Claudio Abbado decided at age 7 to become a conductor. He was attending a concert at La Scala, the opera house in his hometown of Milan. That night the orchestra was playing Debussy’s “Three Nocturnes.” During the second, he found himself enraptured by a march that sounded as if it were miles in the distance, yet was being enacted right in front of him. “I decided there and then to be a musician, to be a conductor,” he told a writer years later. “I wanted to realize again this magic thing.”
Most musicians have a similar experience, but this one says something important about Abbado, who died on Monday at his home in Bologna at 80. The experience that so mesmerized him wasn’t a flashy or attention-grabbing one; it was instead something quiet and profoundly interior, in which was encoded a sense of mystery and space. What seemed to excite him about conducting was less the chance to impose his will on musicians than the chance to be part of this enigmatic ritual.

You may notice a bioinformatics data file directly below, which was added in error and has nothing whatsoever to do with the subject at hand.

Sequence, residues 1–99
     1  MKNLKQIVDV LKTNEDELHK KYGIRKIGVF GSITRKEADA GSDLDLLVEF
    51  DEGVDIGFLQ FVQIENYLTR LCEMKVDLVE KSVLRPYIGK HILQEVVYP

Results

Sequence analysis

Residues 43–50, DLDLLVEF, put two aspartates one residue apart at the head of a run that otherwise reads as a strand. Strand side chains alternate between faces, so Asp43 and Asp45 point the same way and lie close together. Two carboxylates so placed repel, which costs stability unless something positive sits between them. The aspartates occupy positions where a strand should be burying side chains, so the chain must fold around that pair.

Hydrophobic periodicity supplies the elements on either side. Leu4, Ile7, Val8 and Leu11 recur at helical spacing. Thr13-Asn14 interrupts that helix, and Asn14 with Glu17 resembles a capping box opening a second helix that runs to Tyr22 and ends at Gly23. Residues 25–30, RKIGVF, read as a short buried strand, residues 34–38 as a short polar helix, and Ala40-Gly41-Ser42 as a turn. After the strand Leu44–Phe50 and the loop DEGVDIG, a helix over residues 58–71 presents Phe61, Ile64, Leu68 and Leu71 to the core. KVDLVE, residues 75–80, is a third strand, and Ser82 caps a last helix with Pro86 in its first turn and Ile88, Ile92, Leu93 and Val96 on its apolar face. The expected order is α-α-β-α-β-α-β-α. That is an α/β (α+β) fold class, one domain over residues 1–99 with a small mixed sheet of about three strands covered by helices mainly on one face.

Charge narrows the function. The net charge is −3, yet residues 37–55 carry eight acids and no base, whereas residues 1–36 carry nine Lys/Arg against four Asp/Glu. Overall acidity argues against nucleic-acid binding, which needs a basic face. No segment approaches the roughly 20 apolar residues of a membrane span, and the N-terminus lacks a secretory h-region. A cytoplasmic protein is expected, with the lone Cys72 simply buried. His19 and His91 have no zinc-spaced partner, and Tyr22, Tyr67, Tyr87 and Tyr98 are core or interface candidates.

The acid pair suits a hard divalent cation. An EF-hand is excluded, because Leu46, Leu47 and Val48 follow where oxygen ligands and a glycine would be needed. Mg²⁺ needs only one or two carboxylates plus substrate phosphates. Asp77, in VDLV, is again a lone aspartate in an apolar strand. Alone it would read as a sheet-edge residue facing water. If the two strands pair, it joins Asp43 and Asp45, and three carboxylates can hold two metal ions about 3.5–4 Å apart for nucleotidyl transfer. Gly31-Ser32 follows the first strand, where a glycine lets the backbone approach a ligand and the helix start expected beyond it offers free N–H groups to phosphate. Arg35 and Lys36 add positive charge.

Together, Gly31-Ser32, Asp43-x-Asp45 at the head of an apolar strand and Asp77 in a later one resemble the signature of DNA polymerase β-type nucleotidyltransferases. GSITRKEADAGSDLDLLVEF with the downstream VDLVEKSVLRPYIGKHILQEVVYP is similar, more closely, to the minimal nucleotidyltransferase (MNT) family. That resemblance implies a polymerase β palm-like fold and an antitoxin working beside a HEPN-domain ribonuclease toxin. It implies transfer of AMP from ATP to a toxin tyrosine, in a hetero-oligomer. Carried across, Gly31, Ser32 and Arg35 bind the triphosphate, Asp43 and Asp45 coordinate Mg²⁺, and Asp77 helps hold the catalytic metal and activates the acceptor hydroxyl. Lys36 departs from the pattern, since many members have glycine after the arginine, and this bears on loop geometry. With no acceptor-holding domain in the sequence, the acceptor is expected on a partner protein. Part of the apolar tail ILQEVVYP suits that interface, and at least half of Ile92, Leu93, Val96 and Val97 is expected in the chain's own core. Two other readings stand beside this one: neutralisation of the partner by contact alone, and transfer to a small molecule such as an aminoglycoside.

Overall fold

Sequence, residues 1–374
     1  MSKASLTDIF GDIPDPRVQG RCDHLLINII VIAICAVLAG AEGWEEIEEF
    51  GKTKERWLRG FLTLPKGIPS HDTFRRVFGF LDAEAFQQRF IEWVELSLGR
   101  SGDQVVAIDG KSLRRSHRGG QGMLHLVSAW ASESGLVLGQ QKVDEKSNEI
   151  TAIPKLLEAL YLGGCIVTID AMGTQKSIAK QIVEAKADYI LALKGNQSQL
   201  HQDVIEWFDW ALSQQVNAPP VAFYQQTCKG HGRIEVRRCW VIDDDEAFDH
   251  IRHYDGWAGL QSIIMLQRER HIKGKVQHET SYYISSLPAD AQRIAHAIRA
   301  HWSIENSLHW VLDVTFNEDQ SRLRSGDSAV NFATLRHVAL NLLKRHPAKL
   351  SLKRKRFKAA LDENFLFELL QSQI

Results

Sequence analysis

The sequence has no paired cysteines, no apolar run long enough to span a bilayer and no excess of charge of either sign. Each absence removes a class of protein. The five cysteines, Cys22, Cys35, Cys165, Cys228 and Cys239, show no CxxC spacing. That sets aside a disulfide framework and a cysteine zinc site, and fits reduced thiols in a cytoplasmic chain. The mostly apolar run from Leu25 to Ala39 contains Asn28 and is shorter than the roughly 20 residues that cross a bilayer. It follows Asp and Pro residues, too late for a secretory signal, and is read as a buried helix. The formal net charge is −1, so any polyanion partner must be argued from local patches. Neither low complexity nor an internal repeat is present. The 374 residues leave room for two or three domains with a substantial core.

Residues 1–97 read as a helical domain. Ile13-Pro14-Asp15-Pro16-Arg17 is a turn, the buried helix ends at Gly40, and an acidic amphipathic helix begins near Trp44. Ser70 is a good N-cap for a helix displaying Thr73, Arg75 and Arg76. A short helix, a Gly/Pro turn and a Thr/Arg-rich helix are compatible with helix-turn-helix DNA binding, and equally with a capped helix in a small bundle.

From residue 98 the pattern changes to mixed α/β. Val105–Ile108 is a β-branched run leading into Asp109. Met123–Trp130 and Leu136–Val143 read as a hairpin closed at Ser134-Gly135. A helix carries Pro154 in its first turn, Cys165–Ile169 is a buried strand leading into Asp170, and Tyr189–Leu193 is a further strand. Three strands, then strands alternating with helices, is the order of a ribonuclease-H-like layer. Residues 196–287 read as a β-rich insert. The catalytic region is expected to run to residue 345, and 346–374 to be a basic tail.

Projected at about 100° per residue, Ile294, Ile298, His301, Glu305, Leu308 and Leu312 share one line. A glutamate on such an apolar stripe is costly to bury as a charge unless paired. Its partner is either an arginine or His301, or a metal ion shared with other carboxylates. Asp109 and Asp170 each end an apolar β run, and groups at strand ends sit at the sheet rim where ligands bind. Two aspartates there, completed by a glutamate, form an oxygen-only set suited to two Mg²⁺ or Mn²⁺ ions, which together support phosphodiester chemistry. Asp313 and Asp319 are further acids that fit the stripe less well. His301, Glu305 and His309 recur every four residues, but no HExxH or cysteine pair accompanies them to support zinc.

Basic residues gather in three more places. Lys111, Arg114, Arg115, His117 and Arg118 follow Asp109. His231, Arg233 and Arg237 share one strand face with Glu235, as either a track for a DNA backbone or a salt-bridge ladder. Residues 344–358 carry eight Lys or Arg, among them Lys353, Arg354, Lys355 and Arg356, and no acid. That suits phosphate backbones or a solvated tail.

The paradox of Abbado is that this reticent, introspective man managed to climb to the pinnacle of the conducting world, a profession that typically rewards big egos and domineering personalities. He disliked the overbearing Toscanini and felt a greater kinship with the warmth and humanism of Bruno Walter, whom he heard often while a student in Vienna. He could be almost painfully shy and awkward. After a rousing introduction speech at his first rehearsal as chief conductor of the Berlin Philharmonic, his first words to the orchestra were: “We begin with Mahler.”
Of course, Abbado had strong convictions and reserves of will; no conductor gets far without such tools. But he always preferred a situation in which musicians coalesced around his vision to imposing it by fiat. And yet, on the podium, he was capable of producing performances that united intellectual depth, sonic refinement, and searing emotional power like few of his peers. This was especially true with composers whom he revered and to whom he returned repeatedly throughout his career: Beethoven, Brahms, Mahler, Verdi, and especially Alban Berg.
His conducting was not easy to characterize. His podium style was graceful and flowing, and always had a slightly mysterious relationship to the beat he was supposedly giving the orchestra. His rehearsals were unusual as well. “Claudio didn’t say much in rehearsals,” wrote Sarah Willis, a Berlin Philharmonic horn player, in a memorial for The Arts Desk. “[He] preferred to show rather than tell.” On stage, though, “he gave himself up to the music totally — he would just conduct with total abandonment. The intensity of the concerts [was] always a wonderful surprise after having spent the rehearsal just playing through things.”